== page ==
EU Finance Ministers arrived in Kranj (Slovenia) on Friday with all the artillery ready for the battle to reform the Stability and Growth Pact. Under the good tone of the statements, notices and red lines are already guessed, some put in writing, such as those of the group of ‘hawks’ warning against any reform that cracks fiscal stability.
The shock is such that the 27 partners disagree not only on the elements to be modified, or the ambition of the reforms, but also on the calendar. Between them, although closer to those who ask for softer adjustments and more space for investment, the Commission suggested yesterday that it will still give some oxygen to the partners from 2023, when the Stability Pact will be reactivated.
The herculean effort made by member states to deal with the covid-19 pandemic skyrocketed public debt to unprecedented levels in the EU, hovering around 95% of GDP this year.
This figure is well above the limit of 60% of GDP established in the Stability Pact, now suspended to allow the additional spending that European economies have needed in the face of the pandemic. The framework also states that public deficits will remain below 3% of GDP.
Although the European economy is expected to reach its pre-crisis level later this year, the ECB has already warned that the speed of the recovery will depend on how the pandemic unfolds.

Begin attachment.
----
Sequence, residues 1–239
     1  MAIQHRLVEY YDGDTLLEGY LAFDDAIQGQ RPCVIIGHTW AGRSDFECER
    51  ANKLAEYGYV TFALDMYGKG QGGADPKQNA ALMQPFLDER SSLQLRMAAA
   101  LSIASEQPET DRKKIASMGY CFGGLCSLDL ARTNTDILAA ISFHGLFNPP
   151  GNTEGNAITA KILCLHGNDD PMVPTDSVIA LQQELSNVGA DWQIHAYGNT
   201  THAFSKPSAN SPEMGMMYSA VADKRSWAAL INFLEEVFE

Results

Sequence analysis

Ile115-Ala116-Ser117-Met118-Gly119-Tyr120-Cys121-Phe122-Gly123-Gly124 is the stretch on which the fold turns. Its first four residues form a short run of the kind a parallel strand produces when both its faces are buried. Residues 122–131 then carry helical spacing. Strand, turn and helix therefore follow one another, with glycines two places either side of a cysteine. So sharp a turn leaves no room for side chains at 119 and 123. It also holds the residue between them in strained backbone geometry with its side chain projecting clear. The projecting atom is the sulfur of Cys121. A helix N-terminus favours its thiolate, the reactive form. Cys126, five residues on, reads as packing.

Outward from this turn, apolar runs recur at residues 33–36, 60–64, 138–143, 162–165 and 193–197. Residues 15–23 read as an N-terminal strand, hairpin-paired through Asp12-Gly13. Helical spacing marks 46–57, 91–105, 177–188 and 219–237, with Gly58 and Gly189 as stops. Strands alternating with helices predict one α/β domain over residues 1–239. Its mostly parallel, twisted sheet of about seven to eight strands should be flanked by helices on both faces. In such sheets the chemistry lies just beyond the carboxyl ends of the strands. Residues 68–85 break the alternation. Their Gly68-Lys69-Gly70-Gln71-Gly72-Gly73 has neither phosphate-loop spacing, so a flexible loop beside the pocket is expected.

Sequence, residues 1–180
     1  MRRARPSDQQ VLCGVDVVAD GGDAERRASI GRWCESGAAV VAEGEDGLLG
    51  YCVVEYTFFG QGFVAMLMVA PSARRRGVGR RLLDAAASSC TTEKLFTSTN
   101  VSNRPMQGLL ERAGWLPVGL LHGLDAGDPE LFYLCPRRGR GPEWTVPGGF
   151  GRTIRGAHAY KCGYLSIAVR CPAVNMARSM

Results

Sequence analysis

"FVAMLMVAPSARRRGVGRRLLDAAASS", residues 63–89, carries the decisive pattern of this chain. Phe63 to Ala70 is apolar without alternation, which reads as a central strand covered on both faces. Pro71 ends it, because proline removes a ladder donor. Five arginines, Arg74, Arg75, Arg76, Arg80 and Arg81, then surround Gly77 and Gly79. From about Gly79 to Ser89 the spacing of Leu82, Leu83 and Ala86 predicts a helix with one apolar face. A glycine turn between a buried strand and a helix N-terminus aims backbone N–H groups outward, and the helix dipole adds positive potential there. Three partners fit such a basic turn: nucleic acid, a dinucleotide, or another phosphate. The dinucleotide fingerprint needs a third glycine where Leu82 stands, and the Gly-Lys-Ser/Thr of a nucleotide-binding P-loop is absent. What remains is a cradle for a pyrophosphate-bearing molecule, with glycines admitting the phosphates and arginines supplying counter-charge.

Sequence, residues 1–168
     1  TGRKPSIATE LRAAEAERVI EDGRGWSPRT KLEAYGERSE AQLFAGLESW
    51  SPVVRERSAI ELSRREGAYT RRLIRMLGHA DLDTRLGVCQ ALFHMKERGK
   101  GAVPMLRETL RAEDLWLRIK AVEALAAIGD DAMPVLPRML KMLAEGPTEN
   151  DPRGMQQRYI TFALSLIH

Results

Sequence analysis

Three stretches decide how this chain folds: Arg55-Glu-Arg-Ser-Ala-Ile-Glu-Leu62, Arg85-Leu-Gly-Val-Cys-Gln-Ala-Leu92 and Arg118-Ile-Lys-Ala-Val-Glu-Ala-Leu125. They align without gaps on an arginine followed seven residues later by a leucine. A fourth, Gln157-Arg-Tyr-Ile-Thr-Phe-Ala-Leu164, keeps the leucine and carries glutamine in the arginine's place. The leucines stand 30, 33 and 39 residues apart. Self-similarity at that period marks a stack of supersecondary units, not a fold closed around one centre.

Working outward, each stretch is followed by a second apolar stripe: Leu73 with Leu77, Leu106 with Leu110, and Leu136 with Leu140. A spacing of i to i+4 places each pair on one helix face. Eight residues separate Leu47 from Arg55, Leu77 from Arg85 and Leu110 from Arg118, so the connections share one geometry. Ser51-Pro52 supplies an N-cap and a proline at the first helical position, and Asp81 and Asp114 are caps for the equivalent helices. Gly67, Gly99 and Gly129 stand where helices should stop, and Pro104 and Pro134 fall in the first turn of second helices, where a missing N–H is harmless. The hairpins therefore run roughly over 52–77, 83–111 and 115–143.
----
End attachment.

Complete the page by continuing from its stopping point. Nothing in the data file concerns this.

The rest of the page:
In this context, the EU finance ministers have begun to discuss this weekend how to improve fiscal rules, a decision that will potentially determine the severity of the fiscal adjustments and the tax increases that they will have to adopt to control their public finances.
The pro-fiscal stability group, composed mainly of Member States from the North, and the countries of the South, in favor of a framework that makes room for investment, agree that the rules should be simplified, after years of amendments and reinterpretations that have complicated your application.
But both blocs disagree on whether the rules should leave more room for spending in some priority areas, such as green policies.
In addition, countries such as Spain and France, and also the European Commission, argue that the review should relax efforts to reduce the high levels of public debt, since the current methodology would force the approval of draconian austerity cuts in the economies affected by the pandemic. .
“We will need a debt reduction path that is realistic for all Member States. We need to balance fiscal sustainability with the need to support economic recovery,” said the Vice President of the European Commission, Valdis Dombrovskis, on his arrival at the meeting. of ministers.
Ambition and speed
Countries calling for more ambitious improvements to the fiscal framework also want the new rules to be in place before the Stability Pact is reinstated, which is set to happen in early 2023.
But the far-reaching changes they advocate could take at least two years, as they would require the approval of the Council and the European Parliament.
For that reason, the Commissioner for the Economy, Paolo Gentiloni, suggested that the Commission could come up with a new interpretation of the current rules next year as a quick fix.